Bryan Cranston and Aaron Paul might have played expert meth cooks on Breaking Bad, but it took the actors a lot of training to make their actions and knowledge seem convincing. Cranston’s Walter White played the central role as a high school science teacher who risked it all by entering the drug trade with the help of his former student, Jesse Pinkman (Paul). To prepare for the roles, the actors were taught how to make real meth which gave a new meaning to method acting.
After a devastating cancer diagnosis, Walt decided that he needed a new way to financially support his family so he turned to cooking crystal meth. After he convinced Jesse to help, the duo purchased an RV to use as a rolling meth lab. With Walt’s knowledge of chemistry, he made meth that was impressively pure. The pair eventually switch to using methylamine which gave the meth a blue tint. The quality and purity of the meth known as “Blue Sky” became Walt’s signature product under his alias, Heisenberg. Walt and Jesse’s product came in huge demand and set them up with an opportunity working for Gus Fring in a superlab. That was until the risks and double-crossing ended in complete disaster.
Walt and Jesse spent a lot of their time in various meth labs throughout the five seasons of Breaking Bad. The teacher and student relationship returned as Walt taught Jesse everything he knew until one day the young partner had the ability to cook his own meth. Since so much of the show focused on the pair working in a lab, the show set up the real DEA as consultants to train Cranston and Paul. Not only did they learn the ins and outs of the dangerous drug, but they were also taught how to actually cook meth from skilled chemists. Breaking Bad creator Vince Gilligan wanted the show to be authentic, but he made sure to protect the actors and the viewers.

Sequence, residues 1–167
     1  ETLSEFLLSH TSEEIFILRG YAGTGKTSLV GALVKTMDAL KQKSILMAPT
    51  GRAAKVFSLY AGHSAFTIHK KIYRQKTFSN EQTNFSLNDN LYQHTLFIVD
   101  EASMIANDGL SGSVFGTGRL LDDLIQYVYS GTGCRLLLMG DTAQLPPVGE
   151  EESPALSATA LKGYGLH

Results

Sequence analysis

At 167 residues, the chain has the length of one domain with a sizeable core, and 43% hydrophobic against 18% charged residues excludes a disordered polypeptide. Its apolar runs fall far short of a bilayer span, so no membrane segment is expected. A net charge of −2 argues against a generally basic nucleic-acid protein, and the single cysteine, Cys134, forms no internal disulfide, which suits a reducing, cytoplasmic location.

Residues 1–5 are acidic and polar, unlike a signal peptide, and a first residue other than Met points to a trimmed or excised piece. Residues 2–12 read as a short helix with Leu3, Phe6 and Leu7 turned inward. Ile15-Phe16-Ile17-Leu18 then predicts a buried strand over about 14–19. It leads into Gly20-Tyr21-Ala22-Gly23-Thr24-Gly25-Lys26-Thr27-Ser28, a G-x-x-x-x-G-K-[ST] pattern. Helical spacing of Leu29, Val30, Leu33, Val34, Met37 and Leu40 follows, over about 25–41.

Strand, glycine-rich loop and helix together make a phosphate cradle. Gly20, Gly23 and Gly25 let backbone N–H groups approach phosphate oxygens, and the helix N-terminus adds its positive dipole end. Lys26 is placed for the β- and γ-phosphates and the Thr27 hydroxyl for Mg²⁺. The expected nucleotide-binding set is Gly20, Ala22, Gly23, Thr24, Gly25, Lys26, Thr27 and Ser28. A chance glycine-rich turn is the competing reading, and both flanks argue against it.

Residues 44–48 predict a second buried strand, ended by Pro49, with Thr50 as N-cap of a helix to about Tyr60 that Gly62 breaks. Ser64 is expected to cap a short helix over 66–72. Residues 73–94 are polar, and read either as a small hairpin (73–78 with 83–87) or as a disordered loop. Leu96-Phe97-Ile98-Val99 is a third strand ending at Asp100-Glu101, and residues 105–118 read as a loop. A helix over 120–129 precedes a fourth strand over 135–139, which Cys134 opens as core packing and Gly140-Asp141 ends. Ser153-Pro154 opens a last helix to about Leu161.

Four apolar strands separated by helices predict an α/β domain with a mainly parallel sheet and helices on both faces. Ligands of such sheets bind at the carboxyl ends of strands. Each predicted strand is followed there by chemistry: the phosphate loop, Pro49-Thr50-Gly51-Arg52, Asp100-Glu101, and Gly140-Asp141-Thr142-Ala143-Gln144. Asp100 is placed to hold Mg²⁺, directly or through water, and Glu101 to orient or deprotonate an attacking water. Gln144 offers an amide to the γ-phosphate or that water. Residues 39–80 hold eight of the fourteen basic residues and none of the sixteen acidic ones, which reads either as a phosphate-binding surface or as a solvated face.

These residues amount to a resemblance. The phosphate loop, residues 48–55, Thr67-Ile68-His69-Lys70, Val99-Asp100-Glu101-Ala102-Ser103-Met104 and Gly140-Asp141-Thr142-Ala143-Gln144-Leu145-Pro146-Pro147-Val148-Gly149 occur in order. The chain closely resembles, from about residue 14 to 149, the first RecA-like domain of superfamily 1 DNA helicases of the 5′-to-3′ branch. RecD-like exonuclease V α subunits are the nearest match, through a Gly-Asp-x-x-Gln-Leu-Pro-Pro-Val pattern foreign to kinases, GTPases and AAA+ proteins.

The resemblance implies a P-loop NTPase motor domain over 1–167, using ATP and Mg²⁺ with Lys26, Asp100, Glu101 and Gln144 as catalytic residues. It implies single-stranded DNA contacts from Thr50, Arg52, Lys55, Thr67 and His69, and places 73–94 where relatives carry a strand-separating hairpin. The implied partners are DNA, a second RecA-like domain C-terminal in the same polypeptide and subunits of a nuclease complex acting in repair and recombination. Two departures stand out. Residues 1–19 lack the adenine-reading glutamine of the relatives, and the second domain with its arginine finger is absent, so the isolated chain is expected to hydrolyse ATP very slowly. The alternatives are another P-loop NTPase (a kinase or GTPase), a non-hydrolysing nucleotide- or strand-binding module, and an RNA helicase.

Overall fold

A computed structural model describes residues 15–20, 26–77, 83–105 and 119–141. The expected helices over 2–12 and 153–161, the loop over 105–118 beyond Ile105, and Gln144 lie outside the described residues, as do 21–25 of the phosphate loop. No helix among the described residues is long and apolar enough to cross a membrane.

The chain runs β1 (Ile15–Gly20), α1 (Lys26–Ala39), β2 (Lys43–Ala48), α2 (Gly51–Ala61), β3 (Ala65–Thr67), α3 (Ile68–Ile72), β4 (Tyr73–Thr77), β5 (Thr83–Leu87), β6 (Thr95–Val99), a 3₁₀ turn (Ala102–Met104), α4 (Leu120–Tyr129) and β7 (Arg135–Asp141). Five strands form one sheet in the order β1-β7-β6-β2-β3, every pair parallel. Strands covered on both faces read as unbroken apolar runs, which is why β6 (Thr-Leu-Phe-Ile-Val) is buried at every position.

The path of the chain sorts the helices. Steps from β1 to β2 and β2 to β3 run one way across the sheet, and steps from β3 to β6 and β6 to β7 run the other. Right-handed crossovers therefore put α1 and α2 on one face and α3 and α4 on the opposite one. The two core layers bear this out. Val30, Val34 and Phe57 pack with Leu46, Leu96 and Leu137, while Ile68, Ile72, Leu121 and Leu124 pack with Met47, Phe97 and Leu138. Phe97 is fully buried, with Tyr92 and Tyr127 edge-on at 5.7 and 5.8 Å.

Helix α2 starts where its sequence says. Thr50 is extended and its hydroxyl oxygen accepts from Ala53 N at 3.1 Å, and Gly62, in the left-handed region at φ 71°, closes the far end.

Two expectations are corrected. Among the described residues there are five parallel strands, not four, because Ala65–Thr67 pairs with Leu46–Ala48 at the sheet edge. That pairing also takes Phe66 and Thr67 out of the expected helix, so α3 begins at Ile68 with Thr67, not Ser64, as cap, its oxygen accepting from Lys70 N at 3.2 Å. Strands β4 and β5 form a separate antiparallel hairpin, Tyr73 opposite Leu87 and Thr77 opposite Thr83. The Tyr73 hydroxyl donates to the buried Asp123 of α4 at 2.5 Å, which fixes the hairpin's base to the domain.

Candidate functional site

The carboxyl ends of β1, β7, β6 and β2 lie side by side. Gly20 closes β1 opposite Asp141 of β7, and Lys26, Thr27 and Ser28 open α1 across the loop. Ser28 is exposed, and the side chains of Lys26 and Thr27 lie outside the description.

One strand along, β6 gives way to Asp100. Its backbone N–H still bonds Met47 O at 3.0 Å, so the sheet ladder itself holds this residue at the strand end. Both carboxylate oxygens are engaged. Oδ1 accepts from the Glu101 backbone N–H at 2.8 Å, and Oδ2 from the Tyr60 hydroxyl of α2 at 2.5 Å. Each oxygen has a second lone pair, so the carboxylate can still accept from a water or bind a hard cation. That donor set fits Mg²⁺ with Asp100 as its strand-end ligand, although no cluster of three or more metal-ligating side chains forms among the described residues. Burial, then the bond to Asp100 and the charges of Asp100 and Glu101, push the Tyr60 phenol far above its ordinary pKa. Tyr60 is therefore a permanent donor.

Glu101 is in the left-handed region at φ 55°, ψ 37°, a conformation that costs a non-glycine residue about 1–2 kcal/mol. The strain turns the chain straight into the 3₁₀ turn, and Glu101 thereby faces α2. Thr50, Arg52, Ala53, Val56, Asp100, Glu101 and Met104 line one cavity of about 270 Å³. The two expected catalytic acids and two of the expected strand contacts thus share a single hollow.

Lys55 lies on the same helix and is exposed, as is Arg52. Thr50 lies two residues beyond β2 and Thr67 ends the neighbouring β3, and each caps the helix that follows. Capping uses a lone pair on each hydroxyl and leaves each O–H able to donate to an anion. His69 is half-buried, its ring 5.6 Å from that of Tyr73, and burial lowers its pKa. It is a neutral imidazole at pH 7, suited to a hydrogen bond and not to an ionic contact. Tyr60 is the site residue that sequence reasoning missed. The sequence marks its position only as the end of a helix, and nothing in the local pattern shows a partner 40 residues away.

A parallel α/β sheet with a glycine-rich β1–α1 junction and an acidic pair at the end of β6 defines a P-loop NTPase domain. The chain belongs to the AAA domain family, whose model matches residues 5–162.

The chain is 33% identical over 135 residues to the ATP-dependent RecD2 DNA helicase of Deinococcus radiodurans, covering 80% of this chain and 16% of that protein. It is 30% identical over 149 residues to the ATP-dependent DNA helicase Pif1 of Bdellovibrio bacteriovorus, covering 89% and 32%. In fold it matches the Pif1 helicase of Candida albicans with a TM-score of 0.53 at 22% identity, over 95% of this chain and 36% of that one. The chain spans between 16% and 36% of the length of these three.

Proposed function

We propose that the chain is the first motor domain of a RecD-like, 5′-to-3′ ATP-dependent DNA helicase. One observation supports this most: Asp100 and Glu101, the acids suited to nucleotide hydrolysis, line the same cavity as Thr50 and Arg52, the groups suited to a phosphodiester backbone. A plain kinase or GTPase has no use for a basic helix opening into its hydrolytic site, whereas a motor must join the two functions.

The Science In Breaking Bad Was Intentionally Inaccurate
Learning how to cook meth was a part of the preparation for the roles on Breaking Bad, and the actors have been outspoken about how dangerous the experience turned out to be. This gave the stars a better understanding regarding the risks their TV counterparts were taking every time they cooked up a bath of their signature drug. Cranston and Paul might have had the precise information explaining the various components and instructions into how to cook meth, but Breaking Bad made sure the science on the show wasn’t totally accurate.
Dr. Donna Nelson, a college chemistry professor, served as another consultant on Breaking Bad. She once shared in an interview (via Mental Floss) that some of the science portrayed in the series was real, but “the goal is not to be a science education show; the goal is to be a popular show.” The series didn’t want to teach their viewers how to make meth or give them the motivation to enter the drug trade. In fact, pure meth like Walt’s would have been colorless, not blue. The meth used in the show was notably blue rock candy from an Albuquerque candy shop.